Glossary Entries

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Law of Exponents for Multiplication The product of two or more numbers in exponential form with the same base is equal to that base raised to the power equal to the sum of the powers of each number; i.e., add their exponents: a b - ac = ab+c Example: a5 - a 2 = a7.
Law of Exponents for Division The quotient of two numbers in exponential form with the same base is equal to that base with a power equal to the difference of the powers of each number; i.e., subtract their exponents: Ab/Ac=A(b-c)
Least Smallest in quantity, size, or degree.
Least Common Denominator The smallest common multiple of two given denominators Example: The LCD of 1/3 and 1/8 is 24.
Least Common Multiple (LCM) The smallest number (greater than zero) that is a multiple of a set of two or more numbers. Example: The least common multiple of 3 and 5 is 15. The LCM of 10x2 and 4xy is 20x2y.
Leg of a Right Triangle One of the two sides that form the right angle of a right triangle; the sides that are not the hypotenuse. (See hypotenuse)
Length A value of distance. A line between San Francisco and Los Angeles will have a length of 422 miles. The distance between the two cities is 422 miles.In two-dimensional objects, length is closely associated with width. Units of length include miles, fathoms, meters, kilometers, light years, and many others.
Less Than (LT) A relationship showing that the first term or expression has a value smaller than the second term or expression. The symbol that represents less than is "<." Examples: 5 < 7. or -9 < -7.
Like Denominators A whole number, greater than zero, that is the denominator of two or more fractions.(See common denominator) Example: The fractions 2/7 and 3/7 have like (the same) denominators.
Like Terms Terms that have the same literal part (e.g., in the expression 3x2 + 4x + 5 + 2x + 4x3 + 5x2, 3x2 and 5x2 are like terms, as are 4x and 2x).
Line An infinite set of connected points continuing without end in both directions. They are connected with a straight path and there is only one dimension -- length.
Line Graph A graph that uses line segments to show changes in data; the data usually represents a quantity changing over time.
Line of Best Fit A straight line used as a best approximation of a summary of all the points in a scatter-plot* (See definition below). The position and slope of the line are determined by the amount of correlation* (See definition above) between the two paired variables involved in generating the scatter-plot. This line can be used to make predictions about the value of one of the paired variables if only the other value in the pair is known.
Line of Symmetry A line that divides a figure into two congruent halves that are mirror images of each other. A test to determine if a figure has line symmetry is to fold the figure along the supposed line of symmetry and see if the two halves of the figure are identical.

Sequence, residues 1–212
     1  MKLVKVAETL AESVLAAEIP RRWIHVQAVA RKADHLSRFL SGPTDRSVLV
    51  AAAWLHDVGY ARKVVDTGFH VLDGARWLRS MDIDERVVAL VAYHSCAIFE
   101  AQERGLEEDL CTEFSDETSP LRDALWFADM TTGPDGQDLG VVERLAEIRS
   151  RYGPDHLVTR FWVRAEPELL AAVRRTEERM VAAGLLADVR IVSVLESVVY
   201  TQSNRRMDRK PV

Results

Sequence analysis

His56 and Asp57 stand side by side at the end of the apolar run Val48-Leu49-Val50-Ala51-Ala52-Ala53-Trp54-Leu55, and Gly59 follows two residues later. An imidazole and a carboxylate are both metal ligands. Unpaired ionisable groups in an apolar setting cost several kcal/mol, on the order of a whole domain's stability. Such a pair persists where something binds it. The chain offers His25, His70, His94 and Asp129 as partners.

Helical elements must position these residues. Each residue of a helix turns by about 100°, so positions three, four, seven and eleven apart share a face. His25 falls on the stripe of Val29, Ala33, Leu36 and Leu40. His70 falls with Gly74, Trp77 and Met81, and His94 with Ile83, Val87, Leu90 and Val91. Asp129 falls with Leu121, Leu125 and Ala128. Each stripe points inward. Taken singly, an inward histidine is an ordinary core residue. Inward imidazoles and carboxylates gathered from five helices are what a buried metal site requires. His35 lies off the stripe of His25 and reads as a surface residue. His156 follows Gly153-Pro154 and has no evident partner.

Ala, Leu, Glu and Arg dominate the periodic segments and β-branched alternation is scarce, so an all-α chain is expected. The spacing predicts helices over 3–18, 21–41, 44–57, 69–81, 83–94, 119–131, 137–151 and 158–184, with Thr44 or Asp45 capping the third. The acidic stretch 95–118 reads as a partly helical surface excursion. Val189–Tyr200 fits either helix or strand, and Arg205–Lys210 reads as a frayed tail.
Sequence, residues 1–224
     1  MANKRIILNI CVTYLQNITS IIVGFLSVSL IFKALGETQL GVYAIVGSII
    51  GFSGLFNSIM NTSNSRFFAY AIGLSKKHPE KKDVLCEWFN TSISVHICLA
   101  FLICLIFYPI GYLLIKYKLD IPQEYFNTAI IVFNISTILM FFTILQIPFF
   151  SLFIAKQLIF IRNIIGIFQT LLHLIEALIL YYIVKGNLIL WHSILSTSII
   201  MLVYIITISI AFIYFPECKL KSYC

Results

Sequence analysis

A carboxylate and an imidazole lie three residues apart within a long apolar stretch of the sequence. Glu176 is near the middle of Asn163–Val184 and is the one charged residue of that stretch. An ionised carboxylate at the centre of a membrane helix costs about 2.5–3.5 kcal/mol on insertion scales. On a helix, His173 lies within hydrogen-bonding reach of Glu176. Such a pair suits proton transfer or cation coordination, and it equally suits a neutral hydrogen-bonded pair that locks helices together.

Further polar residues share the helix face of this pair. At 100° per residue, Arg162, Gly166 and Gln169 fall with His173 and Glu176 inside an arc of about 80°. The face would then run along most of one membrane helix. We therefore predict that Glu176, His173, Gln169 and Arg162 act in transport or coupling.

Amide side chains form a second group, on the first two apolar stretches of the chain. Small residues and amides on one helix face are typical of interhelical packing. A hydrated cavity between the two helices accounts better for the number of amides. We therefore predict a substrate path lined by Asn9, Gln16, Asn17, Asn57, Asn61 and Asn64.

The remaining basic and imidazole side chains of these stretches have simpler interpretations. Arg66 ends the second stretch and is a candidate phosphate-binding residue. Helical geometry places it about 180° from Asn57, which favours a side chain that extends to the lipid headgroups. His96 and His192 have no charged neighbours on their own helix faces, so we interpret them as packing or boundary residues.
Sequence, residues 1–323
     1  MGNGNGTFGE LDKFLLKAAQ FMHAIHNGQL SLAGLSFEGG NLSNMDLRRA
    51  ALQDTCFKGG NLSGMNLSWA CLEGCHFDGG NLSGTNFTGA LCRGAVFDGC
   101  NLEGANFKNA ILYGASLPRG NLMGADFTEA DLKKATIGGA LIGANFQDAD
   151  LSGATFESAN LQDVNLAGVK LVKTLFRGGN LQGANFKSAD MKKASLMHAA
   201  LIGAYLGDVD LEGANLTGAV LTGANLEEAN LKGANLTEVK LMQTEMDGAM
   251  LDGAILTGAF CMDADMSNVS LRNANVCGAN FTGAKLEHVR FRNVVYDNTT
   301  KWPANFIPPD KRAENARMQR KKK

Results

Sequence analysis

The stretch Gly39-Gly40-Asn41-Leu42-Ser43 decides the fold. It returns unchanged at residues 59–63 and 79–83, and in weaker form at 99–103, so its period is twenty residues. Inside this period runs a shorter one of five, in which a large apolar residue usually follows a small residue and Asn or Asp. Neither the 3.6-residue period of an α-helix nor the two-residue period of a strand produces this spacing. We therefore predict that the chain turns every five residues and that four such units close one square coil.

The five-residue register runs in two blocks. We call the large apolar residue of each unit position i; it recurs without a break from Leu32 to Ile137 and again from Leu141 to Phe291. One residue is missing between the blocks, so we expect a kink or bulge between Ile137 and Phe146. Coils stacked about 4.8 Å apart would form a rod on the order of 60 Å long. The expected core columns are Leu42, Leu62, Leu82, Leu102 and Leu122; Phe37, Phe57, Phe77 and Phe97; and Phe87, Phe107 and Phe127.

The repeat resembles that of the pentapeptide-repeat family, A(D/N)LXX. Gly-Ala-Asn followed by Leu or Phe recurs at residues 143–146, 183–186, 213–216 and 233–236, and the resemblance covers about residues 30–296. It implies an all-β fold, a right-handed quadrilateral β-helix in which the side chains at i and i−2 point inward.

Line Plot A graph showing frequency of data on a number line. The graph shows each piece of data as a dot or mark.
Line Segment A part of a line with two fixed endpoints and the points between.
Linear and Nonlinear Functional Relationships Many functions can be represented by pairs of numbers. When the graph of those pairs results in points lying on a straight line, a function is said to be linear. When not on a line, the function is nonlinear. (Also see definition of Function)
Linear Equation An equation of the form y = ax + b, where a and b can be any real number. An equation of the first degree that contains one or more variables. A linear equation in two variables yields a straight line when displayed in graph form (e.g., 3x – 1 = –7 or x + 2y = 12).
Linear Expression An expression of the form ax+b where x is variable and a and b are constants; or in more variables, an expression of the form ax + by + c, ax + by + cz + d, etc.
Linear Inequalities An inequality of the first degree that contains one or more variables. Examples: 2x + 4. Y > 3x – 2.
Linear Pair of Angles A pair of adjacent angles formed by intersecting lines. Linear pairs of angles are supplementary.
Liter A metric unit used to measure capacity; 1 liter = 1000 milliliters. The abbreviation for liters is "L."
Logarithm The inverse of exponentiation; for example, alogax = x.
Logic The formal structure for reasoning.
Logical According to the principles of logic.
Logical Reasoning The process of using a rational, systematic series of steps based on sound mathematical procedures to arrive at a conclusion; the drawing of conclusions from given facts and mathematical principles; often used as a problem solving strategy.
Lowest Terms The form of a fraction in which the numerator and denominator have no common factor except 1.


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